Note: The text of Beloved is divided into Parts One, Two, and Three. Within each part, there are smaller sections. They function like chapters, but are never designated as such by the book itself. For ease of reference, this SparkNote has labeled these sections as numbered chapters. This numbering system runs continuously through all three of the book’s parts.
124 was spiteful. Full of a baby’s venom.
The novel opens in 1873 in Cincinnati, Ohio. For the past eighteen years, Sethe, an ex-slave, and her daughter, Denver, have been living in a house that is haunted by the ghost of Sethe’s firstborn baby daughter. Until eight years ago, Sethe’s mother-in-law, Baby Suggs, also lived with them in their house at 124 Bluestone Road. Before she died, Baby Suggs sank into a deep depression, exhausted by a life of slavery and by the loss of all eight of her children. She spent her last days requesting “color”—bits of brightly colored objects she hoped would alleviate her sadness. Her death came only a short while after Sethe’s sons, Howard and Buglar, each ran away from 124 following encounters with their dead sister’s ghost.
Sethe works hard to remember as little as possible about her past, and the memory of her sons is fading fast. Most of her painful memories involve Sweet Home, a plantation in Kentucky where she lived as a slave until her escape eighteen years ago. On this day, however, she returns home and finds an unexpected and surprising guest: Paul D. Paul D was one of five men who were Sethe’s fellow slaves at Sweet Home; these had included Paul A, Paul F, Sixo, and Sethe’s husband, Halle. Although Sethe hasn’t seen Paul D in eighteen years, they slip into easy conversation and Sethe invites him inside. Paul D walks into a pool of eerie red light and feels a wave of grief come over him. Sethe explains that the presence is the sad specter of her dead baby, whose throat was cut before it was two years old. At her daughter’s funeral, Sethe mistook the preacher’s reference to the “Dearly Beloved” mourners for a reference to her dead daughter. Afterward, she agreed to ten minutes of sex with an engraver in order to have the word “Beloved” carved on the baby’s headstone.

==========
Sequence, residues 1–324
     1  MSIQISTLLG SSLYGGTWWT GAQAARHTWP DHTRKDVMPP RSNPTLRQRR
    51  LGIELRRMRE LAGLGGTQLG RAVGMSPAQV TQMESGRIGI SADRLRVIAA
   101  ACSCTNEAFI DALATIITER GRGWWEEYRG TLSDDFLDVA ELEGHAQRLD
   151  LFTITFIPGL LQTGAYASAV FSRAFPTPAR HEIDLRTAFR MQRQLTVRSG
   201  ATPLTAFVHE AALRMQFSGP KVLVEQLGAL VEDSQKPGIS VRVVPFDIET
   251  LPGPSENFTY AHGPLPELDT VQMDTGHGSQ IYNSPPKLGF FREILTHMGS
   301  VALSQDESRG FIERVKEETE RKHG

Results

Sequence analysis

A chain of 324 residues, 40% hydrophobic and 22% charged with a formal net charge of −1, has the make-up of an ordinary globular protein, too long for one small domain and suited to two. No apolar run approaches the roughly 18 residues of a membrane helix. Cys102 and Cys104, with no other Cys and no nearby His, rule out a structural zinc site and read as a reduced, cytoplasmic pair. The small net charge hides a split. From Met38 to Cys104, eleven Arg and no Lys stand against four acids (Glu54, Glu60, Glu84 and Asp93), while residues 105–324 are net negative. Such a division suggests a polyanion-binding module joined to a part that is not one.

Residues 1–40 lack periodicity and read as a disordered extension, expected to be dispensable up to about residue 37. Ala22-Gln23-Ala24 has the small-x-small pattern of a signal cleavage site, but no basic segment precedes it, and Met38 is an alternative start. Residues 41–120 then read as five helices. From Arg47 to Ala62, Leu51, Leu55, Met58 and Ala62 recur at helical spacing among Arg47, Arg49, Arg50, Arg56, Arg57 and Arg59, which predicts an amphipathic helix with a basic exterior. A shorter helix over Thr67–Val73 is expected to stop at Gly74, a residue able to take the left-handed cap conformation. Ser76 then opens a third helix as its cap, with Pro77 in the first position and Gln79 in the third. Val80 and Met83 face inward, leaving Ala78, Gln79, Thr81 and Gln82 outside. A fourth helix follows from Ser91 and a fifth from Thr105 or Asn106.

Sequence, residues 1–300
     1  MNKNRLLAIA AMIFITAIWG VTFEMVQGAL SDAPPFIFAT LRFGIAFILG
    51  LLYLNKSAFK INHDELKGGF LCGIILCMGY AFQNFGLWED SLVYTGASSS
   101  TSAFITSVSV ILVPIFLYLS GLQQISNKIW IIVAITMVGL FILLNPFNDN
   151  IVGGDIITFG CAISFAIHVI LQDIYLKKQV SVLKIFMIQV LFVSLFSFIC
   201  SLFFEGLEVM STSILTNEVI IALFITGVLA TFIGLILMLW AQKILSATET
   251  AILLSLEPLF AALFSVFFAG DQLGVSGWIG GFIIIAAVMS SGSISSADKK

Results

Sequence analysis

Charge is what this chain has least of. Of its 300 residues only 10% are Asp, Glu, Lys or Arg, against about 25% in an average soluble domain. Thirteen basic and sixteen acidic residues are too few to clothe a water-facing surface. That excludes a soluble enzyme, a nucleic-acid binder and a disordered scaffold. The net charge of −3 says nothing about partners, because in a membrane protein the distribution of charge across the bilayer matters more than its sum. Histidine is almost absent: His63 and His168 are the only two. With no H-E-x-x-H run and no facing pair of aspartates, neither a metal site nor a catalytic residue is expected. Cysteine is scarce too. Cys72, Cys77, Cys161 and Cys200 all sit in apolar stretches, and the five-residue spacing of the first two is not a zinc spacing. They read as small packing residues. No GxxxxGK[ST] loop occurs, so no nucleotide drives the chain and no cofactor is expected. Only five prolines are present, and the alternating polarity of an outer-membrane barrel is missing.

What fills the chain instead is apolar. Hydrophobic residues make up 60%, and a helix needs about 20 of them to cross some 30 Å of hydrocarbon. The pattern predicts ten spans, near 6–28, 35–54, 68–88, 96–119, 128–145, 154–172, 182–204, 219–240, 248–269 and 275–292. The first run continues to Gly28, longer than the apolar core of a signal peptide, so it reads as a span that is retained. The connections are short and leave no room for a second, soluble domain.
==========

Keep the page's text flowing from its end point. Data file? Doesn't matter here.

Paul D has desired Sethe ever since she arrived at Sweet Home at the age of thirteen to replace Baby Suggs. Baby Suggs left because her son Halle had bought her freedom with five years of weekend labor. Sethe was beautiful then, and the five male Sweet Home slaves waited in agonizing sexual frustration, having sex with calves and dreaming of rape, while she took a year to make her choice among them. She chose Halle, and together they had two sons and a daughter. Sethe was pregnant with a fourth child, Denver, when the family made its escape from Sweet Home. Sethe and Halle were separated during their escape, however, and neither Paul D nor Sethe knows what happened to Halle. Seeing her mother flirting and talking about Sweet Home with Paul D makes Denver feel lonely and excluded. She reacts with surly jealousy and dissolves into tears at the dinner table one evening. She cries that she cannot stay in the house because the community knows it to be haunted. Consequently, everyone avoids Denver and she has no friends. When Paul D wonders aloud why they haven’t moved from 124, Sethe firmly asserts that she will never run away from anything again.
Later, Sethe explains that she was whipped before she ran from Sweet Home to meet Baby Suggs and her children, whom she had sent ahead, in Cincinnati. The white girl who helped deliver Denver said the resulting scars looked like a chokecherry tree. Sethe cries and says that the men who beat her stole her baby’s milk before she ran. Paul D comes up behind her and pulls down the top of her dress. He cradles her breasts in his hands while he kisses each line of her scars. The house immediately begins to lurch and shake as the ghost vents its rage. Paul D shouts and fights with the ghost, chasing it away. Denver resents Paul D’s act—the ghost was the only company she had.